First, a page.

Will Jimmy Carter Visit North Korea? Experts Aren't Sure It's A Good Idea
Tensions between North Korea and the United States continue to escalate each day, and that has inspired one former U.S. president to advocate for a diplomatic approach to creating "permanent peace" between the two nations. Former President Jimmy Carter has offered to visit North Korea on behalf of the Trump Administration in an effort to establish a peace treaty, and while the administration has reportedly not been receptive to his proposition, policy experts are skeptical about whether such a visit would actually have a positive outcome.
"I would go, yes," 93-year-old Carter told the New York Times when asked if he would agree to be sent on a diplomatic mission to the isolationist regime by President Trump. He went on to say that he has talked with Trump's National Security Advisor, Lt. Gen. H. R. McMaster, to offer his assistance.
"I told him that I was available if they ever need me," Carter said.
This offer isn't entirely surprisingly, especially given Carter's unique history as a peacemaker in the region. In 1994, after Carter finished his term in office, he worked with the Clinton Administration to play an instrumental role in establishing the Agreed Framework, a treaty that, for a brief period, prevented North Korea from generating weapon-grade plutonium for nuclear weapons.
Report: Former President Jimmy Carter says he would travel to North Korea:N. Korea give up your nukes or Else..Carter wants to prevent a war— Jose (@JoseD89344985) October 22, 2017
"Carter really took the lead in going over to North Korea, over some objections from the Clinton Administration, to establish the agreement," James McKeon, a policy analyst at the Center for Arms Control and Non-Proliferation, tells Bustle. "Because he went there, he met with Kim Il-Sung and other North Korean officials, and that laid the groundwork for the agreement to be officiated."
Although the agreement eventually fell apart under the Bush Administration after officials discovered that North Korea could still produce highly enriched uranium to create nuclear weapons, Carter's involvement in the region, and particularly his visit with North Korean officials in 1994, led to "substantive progress ... which for 10 years prevented North Korea from producing plutonium for a nuclear weapon," according to McKeon.
Still, though Carter had success negotiating a peace deal in the 90s, some policy experts are not convinced that his offer to make another visit would be the best option under the Trump Administration. In fact, Yun Sun, a senior associate with the East Asia Program at the Stimson Center, a think tank focuses on international peace and security, tells Bustle that Carter's attempts at brokering a peace deal could actually backfire.
According to Sun, a visit from Carter might be a sign of weakness to North Korean officials and the international community, sending a message that the regime's "provocation" is effective in influencing U.S. officials to bend to its will.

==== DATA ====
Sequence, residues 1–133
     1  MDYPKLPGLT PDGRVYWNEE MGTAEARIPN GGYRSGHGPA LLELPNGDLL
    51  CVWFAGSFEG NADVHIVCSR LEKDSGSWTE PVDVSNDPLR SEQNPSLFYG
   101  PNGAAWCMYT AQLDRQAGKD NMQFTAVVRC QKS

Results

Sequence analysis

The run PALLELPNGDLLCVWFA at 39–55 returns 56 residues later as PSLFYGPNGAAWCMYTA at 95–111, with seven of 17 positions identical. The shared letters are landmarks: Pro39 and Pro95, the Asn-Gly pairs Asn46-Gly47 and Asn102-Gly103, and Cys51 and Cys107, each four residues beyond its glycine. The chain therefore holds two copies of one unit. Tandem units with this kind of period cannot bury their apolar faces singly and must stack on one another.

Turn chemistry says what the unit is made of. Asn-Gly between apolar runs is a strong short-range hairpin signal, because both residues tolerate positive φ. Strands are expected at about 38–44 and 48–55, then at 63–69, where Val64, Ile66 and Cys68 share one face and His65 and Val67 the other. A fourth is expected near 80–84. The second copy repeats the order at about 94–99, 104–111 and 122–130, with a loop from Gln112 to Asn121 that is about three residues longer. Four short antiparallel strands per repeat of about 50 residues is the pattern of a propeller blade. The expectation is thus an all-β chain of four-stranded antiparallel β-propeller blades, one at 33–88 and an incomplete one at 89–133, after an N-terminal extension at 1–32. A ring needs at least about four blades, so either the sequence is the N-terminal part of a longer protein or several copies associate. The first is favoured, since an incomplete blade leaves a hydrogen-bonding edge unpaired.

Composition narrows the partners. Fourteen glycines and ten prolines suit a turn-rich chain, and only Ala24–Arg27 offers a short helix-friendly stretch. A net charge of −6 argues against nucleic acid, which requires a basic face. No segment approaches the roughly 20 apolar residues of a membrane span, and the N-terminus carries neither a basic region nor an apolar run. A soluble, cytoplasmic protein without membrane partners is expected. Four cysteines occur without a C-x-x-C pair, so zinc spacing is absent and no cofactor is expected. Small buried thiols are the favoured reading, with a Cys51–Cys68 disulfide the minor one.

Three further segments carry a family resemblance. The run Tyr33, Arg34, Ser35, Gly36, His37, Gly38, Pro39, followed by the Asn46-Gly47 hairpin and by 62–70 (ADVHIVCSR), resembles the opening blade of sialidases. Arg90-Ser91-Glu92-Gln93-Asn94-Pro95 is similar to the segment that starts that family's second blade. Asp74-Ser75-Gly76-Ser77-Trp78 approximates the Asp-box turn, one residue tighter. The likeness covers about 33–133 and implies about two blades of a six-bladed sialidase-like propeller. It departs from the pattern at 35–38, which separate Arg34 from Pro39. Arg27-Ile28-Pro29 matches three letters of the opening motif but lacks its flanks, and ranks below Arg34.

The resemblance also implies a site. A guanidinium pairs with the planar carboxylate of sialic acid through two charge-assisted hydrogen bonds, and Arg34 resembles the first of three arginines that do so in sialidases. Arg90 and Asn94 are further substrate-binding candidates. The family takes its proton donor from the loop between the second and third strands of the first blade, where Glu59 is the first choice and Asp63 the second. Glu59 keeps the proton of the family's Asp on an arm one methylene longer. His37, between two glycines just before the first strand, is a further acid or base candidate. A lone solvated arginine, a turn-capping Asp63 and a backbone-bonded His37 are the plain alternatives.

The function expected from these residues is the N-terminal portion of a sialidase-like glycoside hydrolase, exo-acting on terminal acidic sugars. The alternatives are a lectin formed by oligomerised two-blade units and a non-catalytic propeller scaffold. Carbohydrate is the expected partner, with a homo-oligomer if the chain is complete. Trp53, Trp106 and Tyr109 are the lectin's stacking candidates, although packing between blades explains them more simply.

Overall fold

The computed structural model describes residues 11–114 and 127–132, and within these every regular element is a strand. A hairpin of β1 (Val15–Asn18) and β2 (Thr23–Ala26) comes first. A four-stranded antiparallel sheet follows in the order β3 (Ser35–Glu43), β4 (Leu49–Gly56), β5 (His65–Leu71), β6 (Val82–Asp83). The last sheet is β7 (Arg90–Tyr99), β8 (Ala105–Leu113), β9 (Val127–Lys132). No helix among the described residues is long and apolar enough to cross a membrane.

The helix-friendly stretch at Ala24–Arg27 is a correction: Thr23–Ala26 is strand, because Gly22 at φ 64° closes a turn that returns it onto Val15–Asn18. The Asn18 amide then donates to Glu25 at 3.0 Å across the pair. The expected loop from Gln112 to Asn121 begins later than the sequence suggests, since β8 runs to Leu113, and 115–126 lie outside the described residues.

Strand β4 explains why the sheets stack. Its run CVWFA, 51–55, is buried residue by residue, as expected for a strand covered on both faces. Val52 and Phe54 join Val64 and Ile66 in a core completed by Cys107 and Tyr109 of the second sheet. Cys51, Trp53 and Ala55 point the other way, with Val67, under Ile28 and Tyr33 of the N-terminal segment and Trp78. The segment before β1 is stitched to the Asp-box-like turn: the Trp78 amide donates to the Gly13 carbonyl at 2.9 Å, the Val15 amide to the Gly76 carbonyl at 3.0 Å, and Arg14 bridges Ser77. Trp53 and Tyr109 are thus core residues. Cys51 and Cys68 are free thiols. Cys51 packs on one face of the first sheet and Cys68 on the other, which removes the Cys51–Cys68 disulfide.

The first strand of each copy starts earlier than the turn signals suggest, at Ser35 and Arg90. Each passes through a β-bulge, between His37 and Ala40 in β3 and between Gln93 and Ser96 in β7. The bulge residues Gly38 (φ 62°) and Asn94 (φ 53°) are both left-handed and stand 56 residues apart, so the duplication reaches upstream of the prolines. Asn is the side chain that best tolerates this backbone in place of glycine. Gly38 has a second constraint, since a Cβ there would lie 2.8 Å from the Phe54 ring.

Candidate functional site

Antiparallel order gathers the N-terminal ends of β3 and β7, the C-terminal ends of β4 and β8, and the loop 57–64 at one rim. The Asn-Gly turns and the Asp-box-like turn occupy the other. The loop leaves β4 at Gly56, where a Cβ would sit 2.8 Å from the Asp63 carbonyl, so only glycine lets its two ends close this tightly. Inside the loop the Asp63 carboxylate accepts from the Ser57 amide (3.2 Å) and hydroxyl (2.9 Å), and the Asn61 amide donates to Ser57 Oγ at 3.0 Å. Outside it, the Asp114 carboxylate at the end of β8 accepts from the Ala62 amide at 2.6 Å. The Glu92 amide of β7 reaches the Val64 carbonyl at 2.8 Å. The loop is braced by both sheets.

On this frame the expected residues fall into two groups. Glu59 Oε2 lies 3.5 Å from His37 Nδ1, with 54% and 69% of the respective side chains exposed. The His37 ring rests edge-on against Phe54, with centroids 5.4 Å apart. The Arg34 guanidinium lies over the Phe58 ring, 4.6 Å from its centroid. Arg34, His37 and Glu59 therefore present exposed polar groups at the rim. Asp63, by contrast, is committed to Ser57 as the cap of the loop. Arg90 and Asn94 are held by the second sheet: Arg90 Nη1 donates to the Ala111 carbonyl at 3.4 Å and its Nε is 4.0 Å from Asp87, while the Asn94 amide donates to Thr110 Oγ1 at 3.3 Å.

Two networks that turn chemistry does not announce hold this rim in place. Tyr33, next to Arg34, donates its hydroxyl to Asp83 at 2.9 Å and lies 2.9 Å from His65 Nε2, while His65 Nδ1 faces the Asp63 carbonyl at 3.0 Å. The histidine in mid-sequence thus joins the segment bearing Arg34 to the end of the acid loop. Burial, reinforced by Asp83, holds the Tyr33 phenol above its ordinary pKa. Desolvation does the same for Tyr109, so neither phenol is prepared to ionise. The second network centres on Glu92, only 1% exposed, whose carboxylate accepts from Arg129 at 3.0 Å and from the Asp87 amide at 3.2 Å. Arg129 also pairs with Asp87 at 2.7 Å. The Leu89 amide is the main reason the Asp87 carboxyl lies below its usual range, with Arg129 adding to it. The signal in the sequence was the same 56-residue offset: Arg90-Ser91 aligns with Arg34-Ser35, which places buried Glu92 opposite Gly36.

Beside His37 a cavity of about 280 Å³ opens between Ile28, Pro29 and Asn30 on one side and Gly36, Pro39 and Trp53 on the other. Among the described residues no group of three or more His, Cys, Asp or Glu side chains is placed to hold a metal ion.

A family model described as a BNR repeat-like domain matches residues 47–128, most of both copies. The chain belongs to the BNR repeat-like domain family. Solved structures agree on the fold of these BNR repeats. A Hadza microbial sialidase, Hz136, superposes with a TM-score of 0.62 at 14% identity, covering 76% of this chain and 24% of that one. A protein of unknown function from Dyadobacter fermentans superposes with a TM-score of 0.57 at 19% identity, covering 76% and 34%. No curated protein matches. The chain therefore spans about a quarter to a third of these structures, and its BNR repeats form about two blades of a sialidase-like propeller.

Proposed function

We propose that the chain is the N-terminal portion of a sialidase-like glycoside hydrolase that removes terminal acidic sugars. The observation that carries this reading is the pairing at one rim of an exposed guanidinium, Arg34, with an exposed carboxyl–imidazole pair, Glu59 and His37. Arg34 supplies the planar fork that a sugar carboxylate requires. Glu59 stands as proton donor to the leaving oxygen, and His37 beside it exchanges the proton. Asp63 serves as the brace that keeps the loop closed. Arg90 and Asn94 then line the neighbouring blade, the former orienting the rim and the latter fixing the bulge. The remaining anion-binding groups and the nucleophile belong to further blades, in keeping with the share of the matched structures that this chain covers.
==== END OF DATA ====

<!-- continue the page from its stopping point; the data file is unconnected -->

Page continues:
"They only have to act out to have America send the former president to North Korea, and the North Korean leader can claim, 'Look how great we are,'" Sun says. "'We are able to subdue the Americans and make them send a former president to our capitol.'"
Sun says that the fact that North Korea has made it clear that they are unwilling to negotiate on their nuclear weapons program would mean that a visit from Carter could send the message that American officials are growing desperate.
"What exactly will Jimmy Carter be negotiating about?" she says. "Is it to negotiate a peace deal? How will his intervention help us achieve the goals that we want? If his goal is to prevent a war, it takes two to tango."
Give Jimmy Carter a chance with North Korea. We have nothing to lose and everything to gain.— Lorne Clarke (@Lorne1868) October 22, 2017
Benjamin R. Young, a PhD candidate at the The George Washington University whose research focuses on modern Korea and Cold War international history, tells Bustle that he doesn't take Carter's offer "too seriously," but agrees that any attempt at diplomatic outreach by Carter could have negative consequences, and may not even be welcomed by the North Korean regime.
"I think the North Koreans would be very nervous having a 93-year-old former U.S. president come to their country," Young says of Carter, who recovered from metastatic cancer last year and was recently hospitalized for dehydration. "I don’t think that Carter, with his health or with his age, should probably go there. They wouldn’t want anything bad to happen to him — they don’t want that on their hands."
Given President Trump's heated rhetoric directed at North Korean leader Kim Jong-un, it's unlikely that he will take Carter up on his offer, or that Carter will have any opportunity to continue his diplomatic work in North Korean nearly two decades after it began. But according to McKeon, the Trump Administration could benefit from Carter's suggestion.
"President Trump could learn a lot from what Carter is trying to say, mainly that we should be talking to the North Koreans," McKeon says. "This idea that we can sanction and condemn them and hope for the best has been a colossal failure. The Trump Administration needs to have a change in course, and that should be exactly what Jimmy Carter is proposing: direct dialogue with the North Koreans."